kevincan wrote:

S and T are sets of numbers. The standard deviation of the elements of set S is q. Is the standard deviation of S U T greater than q?

(1) The range of S U T is different from the range of S.

(2) There is only one element in T, and it is twice the arithmetic mean of the elements in S.

going with C.

Just starting out with math, so am just trying to nail down the concepts.

1: The range can only change in a set if the difference between the greatest elements in the set changes. Since the new set SUT contains all the elements of the old set S, the range of the new set, if different, must be greater, since it cannot be smaller. However we are concerned not with range but with SD. There may be 5 elements in S and 1000 elements in T. One element in T is greater than the largest elememt in S or lesser than the smallest in S, increasing the range. This one element will certainly cause the SD to increase. The other 999 elements may actually be the same value as the arithmetic mean, thereby reducing the SD.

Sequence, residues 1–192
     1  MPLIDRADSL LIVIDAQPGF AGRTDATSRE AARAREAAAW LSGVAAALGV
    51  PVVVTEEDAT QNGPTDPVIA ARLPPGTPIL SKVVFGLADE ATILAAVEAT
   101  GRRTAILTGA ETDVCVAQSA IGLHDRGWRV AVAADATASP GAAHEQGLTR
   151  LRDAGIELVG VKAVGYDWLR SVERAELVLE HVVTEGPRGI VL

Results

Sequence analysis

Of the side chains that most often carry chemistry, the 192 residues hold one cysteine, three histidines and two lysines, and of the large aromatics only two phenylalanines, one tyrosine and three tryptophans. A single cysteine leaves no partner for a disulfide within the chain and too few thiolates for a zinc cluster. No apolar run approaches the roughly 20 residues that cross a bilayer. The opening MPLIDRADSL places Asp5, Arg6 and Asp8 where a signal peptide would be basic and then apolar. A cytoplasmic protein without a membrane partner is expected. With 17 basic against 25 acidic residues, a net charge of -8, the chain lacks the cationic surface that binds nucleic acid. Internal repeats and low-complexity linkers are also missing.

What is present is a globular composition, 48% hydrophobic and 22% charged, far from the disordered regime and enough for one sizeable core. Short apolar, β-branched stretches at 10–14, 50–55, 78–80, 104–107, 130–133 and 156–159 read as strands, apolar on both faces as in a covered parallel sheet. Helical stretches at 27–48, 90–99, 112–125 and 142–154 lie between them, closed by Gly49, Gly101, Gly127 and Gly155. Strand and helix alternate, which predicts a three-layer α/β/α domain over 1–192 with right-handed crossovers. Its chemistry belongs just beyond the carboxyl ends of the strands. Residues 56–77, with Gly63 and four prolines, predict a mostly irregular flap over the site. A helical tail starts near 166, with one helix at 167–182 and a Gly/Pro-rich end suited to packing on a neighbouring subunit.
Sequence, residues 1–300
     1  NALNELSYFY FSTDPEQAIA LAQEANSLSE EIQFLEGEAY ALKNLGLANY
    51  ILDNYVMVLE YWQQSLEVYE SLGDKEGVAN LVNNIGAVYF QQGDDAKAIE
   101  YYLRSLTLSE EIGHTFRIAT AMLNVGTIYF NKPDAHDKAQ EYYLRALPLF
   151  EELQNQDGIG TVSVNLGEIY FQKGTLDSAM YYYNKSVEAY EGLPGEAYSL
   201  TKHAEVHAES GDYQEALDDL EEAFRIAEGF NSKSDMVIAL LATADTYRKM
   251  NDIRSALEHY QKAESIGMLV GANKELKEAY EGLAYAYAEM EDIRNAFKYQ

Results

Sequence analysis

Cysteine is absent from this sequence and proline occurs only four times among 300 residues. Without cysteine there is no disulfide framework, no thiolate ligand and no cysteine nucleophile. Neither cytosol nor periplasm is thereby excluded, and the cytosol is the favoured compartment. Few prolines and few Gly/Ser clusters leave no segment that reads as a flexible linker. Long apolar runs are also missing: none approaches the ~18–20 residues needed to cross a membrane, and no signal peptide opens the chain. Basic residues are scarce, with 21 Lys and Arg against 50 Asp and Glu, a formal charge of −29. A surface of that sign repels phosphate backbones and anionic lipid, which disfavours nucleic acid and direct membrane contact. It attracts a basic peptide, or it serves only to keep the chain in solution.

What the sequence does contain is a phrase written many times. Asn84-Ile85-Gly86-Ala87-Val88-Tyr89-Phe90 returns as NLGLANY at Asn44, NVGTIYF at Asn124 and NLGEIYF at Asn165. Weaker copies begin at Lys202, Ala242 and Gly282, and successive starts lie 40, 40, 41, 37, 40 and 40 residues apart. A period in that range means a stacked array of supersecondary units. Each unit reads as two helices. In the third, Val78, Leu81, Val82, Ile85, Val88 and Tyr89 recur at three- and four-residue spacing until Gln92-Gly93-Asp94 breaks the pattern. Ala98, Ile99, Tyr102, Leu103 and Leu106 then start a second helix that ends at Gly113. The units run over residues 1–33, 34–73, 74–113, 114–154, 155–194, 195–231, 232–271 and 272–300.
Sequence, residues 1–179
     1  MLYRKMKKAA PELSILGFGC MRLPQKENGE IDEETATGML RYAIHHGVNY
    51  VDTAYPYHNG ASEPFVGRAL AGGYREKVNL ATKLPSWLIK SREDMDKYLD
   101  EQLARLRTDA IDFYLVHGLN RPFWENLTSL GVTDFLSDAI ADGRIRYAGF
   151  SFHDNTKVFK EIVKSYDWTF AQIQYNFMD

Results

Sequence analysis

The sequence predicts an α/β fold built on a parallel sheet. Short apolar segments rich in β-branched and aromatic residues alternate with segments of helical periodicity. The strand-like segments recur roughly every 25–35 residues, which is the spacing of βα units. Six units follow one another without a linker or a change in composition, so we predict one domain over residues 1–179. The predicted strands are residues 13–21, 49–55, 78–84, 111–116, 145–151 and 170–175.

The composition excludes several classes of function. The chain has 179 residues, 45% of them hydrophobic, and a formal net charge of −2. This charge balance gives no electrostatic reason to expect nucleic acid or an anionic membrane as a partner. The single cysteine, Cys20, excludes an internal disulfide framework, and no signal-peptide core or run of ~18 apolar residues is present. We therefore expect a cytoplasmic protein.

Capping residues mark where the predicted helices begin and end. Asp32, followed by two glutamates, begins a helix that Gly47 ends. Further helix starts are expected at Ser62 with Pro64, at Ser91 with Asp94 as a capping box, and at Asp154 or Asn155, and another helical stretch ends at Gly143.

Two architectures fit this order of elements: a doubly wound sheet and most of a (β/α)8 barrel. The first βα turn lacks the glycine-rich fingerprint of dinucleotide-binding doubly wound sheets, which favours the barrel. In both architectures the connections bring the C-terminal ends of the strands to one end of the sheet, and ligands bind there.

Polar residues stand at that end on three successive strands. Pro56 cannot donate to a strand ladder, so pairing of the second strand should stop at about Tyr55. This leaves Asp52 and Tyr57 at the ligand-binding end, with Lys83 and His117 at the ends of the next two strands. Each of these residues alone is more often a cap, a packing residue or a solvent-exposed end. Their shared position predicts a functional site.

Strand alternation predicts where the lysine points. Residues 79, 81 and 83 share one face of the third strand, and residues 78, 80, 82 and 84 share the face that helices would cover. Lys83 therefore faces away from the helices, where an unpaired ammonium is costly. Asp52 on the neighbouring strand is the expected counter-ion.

We cannot say from 1, if the SD will increase or decrease, though we can say that the range will increase.

2: There is a single element in T which is twice the average. Consider a set as follows:-

{ 0, 10000}

Now add another element which is twice the mean, i.e. 10000

Since the question does not say the sets are disjoint, this is possible.

Set SUT = S = { 0, 10000 }, and the SD does not change.

Consider another set S {0,10,20} mean = 10, SD = 5.something.

Add an element twice the mean i.e. 20. SD increases.

Therefore 2 is incufficient.

Consider 1 and 2 together. If there is one element added, and this causes the range to increase, it cannot be an element already in S. Then, SD will increase.

Will go with C